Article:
Not only rubber is elastic: There is also another, completely different form of elasticity known as superelasticity. This phenomenon results from a change in crystal structure and was previously only found in alloys and certain inorganic materials. A Japanese scientist has now introduced the first superelastic organic compound in the journal Angewandte Chemie.
Superelasticity, also called “pseudoelasticity”, is the ability of special materials that have undergone extensive deformation to return to their original shape when the pressure is released.
This allows some alloys to be stretched out about ten times more than common spring steel without being permanently deformed. The mechanism is different from that involved in the normal elasticity of rubbery substances. In rubber, the polymer chains are stretched out through strain—no compression is possible.
In superelastic materials, mechanical stress triggers a change in the crystal structure—without the individual atoms changing places. When the stress is removed, the materials return to their former structure. Such substances are interesting candidates for use as building materials with “shape memory” in applications such as “self-repairing” vehicle parts.
Superelastic materials other than metal alloys and ceramics have not appeared for over 80 years since the first report of superelasticity in metal alloys. This phenomenon was previously unknown in organic materials. Satoshi Takamizawa of Yokohama City University has now found superelasticity in an organic crystal for the first time: terepthalamide crystals exhibit superelastic behavior with surprisingly little application of force.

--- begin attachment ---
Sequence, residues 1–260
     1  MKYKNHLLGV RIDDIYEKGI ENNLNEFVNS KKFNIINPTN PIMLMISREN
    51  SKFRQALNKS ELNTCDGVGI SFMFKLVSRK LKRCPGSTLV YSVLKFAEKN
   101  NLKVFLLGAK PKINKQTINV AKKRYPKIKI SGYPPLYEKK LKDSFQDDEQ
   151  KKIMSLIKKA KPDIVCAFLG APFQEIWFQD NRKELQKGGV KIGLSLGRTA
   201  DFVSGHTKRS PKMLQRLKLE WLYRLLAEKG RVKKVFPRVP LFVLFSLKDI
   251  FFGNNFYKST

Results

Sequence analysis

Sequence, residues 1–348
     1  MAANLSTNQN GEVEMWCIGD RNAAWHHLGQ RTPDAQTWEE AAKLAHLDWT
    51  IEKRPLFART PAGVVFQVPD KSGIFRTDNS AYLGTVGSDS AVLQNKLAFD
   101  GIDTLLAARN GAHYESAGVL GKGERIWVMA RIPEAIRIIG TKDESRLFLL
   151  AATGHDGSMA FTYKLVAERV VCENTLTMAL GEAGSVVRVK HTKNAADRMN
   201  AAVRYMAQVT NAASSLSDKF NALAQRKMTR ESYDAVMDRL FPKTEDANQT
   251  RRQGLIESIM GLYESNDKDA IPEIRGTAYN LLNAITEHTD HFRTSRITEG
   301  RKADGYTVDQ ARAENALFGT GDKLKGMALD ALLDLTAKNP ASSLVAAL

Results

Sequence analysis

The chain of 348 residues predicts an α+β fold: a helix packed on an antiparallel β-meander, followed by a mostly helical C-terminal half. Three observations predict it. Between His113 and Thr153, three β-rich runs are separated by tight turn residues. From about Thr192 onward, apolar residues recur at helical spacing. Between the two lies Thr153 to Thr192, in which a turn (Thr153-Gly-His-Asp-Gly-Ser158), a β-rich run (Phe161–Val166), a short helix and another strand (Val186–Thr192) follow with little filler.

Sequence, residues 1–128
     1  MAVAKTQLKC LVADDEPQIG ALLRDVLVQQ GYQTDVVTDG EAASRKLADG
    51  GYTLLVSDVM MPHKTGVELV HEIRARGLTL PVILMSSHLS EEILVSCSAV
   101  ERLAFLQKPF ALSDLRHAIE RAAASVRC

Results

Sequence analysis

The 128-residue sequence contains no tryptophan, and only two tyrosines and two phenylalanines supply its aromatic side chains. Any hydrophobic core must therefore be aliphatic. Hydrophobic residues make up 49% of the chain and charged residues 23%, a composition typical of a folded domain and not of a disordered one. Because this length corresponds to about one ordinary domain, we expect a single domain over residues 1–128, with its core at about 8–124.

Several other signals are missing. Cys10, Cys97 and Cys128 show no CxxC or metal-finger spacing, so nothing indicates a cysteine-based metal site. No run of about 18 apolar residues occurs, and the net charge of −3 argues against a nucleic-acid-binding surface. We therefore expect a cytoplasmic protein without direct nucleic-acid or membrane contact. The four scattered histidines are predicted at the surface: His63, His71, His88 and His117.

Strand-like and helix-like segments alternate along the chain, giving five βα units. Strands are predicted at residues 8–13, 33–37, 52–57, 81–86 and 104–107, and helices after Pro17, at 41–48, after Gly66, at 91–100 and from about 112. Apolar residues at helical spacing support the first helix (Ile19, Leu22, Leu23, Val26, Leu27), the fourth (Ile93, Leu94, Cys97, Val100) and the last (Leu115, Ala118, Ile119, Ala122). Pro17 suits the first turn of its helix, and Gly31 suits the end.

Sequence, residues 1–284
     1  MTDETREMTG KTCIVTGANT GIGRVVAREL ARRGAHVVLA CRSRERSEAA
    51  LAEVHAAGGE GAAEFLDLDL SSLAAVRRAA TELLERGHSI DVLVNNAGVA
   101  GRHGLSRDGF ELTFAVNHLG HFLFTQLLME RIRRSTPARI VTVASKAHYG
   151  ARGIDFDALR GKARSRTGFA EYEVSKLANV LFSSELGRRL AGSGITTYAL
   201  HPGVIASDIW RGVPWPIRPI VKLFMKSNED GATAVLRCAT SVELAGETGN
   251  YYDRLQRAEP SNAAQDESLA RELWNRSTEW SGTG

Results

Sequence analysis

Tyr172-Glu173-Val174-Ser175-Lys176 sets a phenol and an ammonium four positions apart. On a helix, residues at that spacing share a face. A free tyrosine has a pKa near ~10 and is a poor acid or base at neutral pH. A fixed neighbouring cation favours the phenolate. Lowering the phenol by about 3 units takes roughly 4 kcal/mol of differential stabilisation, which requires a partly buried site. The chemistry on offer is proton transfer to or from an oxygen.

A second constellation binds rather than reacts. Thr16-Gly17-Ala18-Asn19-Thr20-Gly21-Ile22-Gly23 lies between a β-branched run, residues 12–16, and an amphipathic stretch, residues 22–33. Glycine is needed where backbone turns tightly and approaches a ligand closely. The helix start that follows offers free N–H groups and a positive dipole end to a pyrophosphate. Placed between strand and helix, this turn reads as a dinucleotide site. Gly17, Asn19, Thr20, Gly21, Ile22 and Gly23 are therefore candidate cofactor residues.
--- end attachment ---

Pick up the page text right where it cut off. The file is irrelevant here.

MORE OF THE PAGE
Shear stress on a specific surface of the crystal initially causes the crystal to bend, and then transition to a different crystal phase. The more pressure that is applied, the more this spreads throughout the crystal.
When the tension is released, the phase transition moves back across the crystal, which returns to its original structure. Takamizawa and one of his students were able to repeat this superelastic deformation 100 times without any signs of material fatigue.
The crystal consists of individual sheets of slanted terepthalamide molecules (AAAAA sheet arrangement). Shear stress causes the angles of the molecules within the layers to change, which results in a more densely packed A’BA’BA’B sheet arrangement. The layers are held together by a network of hydrogen bridge bonds, which break under pressure and rearrange during the phase transition.
Possible applications of organic superelastic materials include joints made of a single component and elements for dampening vibrations. In medicine, implants made from these types of materials could be deformed for easy introduction and then return to the desired shape and size when they reach the desired location.
About the Author
Dr. Satoshi Takamizawa is Professor of Inorganic Chemistry at Yokohama City University. His main interest is crystal function in coordination compounds and related organic and inorganic materials.
Author: Satoshi Takamizawa, Yokohama City University (Japan), http://nanochem.sci.yokohama-cu.ac.jp/
Title: A Superelastic Crystal of Terephthalamide
Angewandte Chemie International Edition, Permalink to the article: http://dx.doi.org/10.1002/anie.201311014
Dr. Satoshi Takamizawa | Angewandte Chemie
Scientists discover genetic switch that can prevent peripheral vascular disease in mice
29.07.2014 | University of Texas Health Science Center at Houston
Mineral magic? Common mineral capable of making and breaking bonds
29.07.2014 | Arizona State University
29.07.2014 | Event News
24.07.2014 | Event News
08.07.2014 | Event News
29.07.2014 | Life Sciences
29.07.2014 | Earth Sciences
29.07.2014 | Physics and Astronomy